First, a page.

B is for bored, for business, for banking and Big Brother.
Everyone is bored, business is up in the air, but banks and Big brother need a good looking at.
During the 2008 financial crisis, the UK government bailed out the banks to the tune of £500 billion. Now, in return, they have asked the banks to help out UK businesses and individuals.
Lloyds Bank currently has an ad running extensively on TV, with the comforting tagline; ‘Lloyds Bank. By your side; now more than ever.’ Excellent; sounds good, we are all in this together after all.
So how, exactly, is Lloyds by our side?
So far, apparently, they have agreed to only one in ten business loans that have been applied for. That’s not so good; they must be concentrating their efforts on helping individuals instead.
The banks, it was widely reported, are offering interest-free overdrafts to everyone.
They are not. If you have an existing overdraft with Lloyds, or sister bank, Halifax, the first £500 will be interest free. Anything else will be charged at a punitive 40%.
If you do not have an overdraft, they will not give you one, unless you meet their previous criteria. which you won’t. The government has asked them to help people who are potentially going to suffer hardship due Covid-19, and they, most definitely are not.
This is apparently the same for all banks.
Well, if banks won’t offer a direct financial lifeline, perhaps people can look for help from their bank-owned credit cards.
Here, we have been told, we will get a three-month payment holiday. That sounds good. I’ll have some of that please. Well, in fact, this just means that you can stop paying your credit card bills for three months, but interest will still be added, at the same rate. Then, after three months you have to pay the whole lot, or start paying extra, compound interest. You have always had the option to do this.
So, in short, all banks have done for us, in these financially harrowing times, is to increase our contactless payment limit from from £30 to £45. Well played sirs.
Well, what do we expect from banks?
At least they don’t spy on us. Do they?
In the UK there are about six million security cameras, one for every 11 people, making us one of the most spied-on nations in the world.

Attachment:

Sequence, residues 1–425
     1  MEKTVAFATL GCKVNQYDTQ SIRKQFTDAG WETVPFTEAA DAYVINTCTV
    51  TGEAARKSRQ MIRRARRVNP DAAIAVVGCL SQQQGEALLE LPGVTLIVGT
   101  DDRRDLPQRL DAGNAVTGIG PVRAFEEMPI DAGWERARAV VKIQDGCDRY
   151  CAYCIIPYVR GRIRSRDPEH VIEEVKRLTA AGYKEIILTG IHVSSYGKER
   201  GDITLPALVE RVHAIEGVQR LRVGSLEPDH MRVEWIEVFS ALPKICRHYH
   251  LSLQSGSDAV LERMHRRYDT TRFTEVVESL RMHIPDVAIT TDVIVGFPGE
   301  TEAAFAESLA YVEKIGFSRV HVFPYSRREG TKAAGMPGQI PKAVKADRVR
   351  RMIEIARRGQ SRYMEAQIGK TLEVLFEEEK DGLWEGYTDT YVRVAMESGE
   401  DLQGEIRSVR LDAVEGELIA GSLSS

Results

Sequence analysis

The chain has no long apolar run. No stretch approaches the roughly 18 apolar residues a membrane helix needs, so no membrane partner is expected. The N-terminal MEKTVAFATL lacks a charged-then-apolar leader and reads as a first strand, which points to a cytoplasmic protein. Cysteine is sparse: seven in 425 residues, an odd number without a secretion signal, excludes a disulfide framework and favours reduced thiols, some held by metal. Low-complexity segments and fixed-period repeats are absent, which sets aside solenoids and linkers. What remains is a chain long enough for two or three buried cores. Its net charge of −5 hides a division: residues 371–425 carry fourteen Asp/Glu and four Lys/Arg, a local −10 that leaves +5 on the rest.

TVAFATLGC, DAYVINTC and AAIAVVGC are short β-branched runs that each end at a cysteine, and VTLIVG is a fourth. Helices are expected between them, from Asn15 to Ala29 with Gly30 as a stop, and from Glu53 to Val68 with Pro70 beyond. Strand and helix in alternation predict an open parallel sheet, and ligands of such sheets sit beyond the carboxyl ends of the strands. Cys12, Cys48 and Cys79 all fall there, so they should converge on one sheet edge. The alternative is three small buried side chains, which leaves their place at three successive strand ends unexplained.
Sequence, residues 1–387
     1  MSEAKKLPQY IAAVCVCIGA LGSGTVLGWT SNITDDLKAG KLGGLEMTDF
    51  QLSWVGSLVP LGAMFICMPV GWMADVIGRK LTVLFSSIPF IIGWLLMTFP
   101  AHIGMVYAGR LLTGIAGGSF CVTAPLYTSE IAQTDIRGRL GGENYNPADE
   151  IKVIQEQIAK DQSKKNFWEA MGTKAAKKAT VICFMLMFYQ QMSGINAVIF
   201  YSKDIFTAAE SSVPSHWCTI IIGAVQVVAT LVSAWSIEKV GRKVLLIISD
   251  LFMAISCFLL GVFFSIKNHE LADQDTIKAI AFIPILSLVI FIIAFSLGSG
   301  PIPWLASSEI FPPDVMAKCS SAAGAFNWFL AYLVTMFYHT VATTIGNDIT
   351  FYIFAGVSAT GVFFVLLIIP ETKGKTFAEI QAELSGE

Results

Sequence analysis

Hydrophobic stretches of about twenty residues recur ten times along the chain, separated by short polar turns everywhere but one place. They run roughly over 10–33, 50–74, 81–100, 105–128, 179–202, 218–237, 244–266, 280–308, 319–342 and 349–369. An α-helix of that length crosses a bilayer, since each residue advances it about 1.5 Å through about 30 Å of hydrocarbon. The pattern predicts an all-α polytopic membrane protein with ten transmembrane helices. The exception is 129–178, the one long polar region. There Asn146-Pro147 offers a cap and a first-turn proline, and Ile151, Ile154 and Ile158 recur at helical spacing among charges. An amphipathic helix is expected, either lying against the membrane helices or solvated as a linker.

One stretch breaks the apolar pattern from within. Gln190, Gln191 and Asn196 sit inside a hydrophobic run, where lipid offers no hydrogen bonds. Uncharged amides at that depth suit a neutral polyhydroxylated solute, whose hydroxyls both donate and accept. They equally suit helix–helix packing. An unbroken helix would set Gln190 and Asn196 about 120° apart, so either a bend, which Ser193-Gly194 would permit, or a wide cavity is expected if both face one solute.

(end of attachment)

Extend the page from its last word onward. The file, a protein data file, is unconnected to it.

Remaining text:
David Cameron’s idea for a national ID card was scrapped a decade ago, but the current government says it is developing a phone app that lets people record their symptoms and then receive alerts if others they have been in contact with have fallen ill.
This will presumably be voluntary, but it means giving all details of our movements and friends to the government, tech firms and their friends, and anyone else who wants to buy it.
In China, people with a green code for low infection risk, can leave their home, but a yellow or red code, meaning contact with, or being, an infected person, means restrictions. Meaning political dissidents, for example, could be kept indefinitely under house arrest.
Of course, that couldn’t happen here, in a free democracy, where the police are operating with a light touch, such as following citizens out for a walk in Snowdonia with a drone, or kicking over a couple’s barbeque on an otherwise empty beach.
If you don’t sign up to the scheme, life might become difficult; employers could insist you install the app, landlords could evict those without it and insurance would become even more of a nightmare. Even an airline industry, desperate for customers, might start banning passengers from flying.
The worry is that electronic tracking would continue unchecked and incrementally after the pandemic and we all become prisoners on day release from prison, at all times.
These questions need looking at carefully; TV hosts are already being lambasted for arguing in favour of free speech. But that starts with F and hopefully we will all be free by then.
B is also for Brexit, which is about to get entangled in this whole pandemic shenanigans, making for one hell of an unholy alliance. B is also, of course, for absolute bollocks.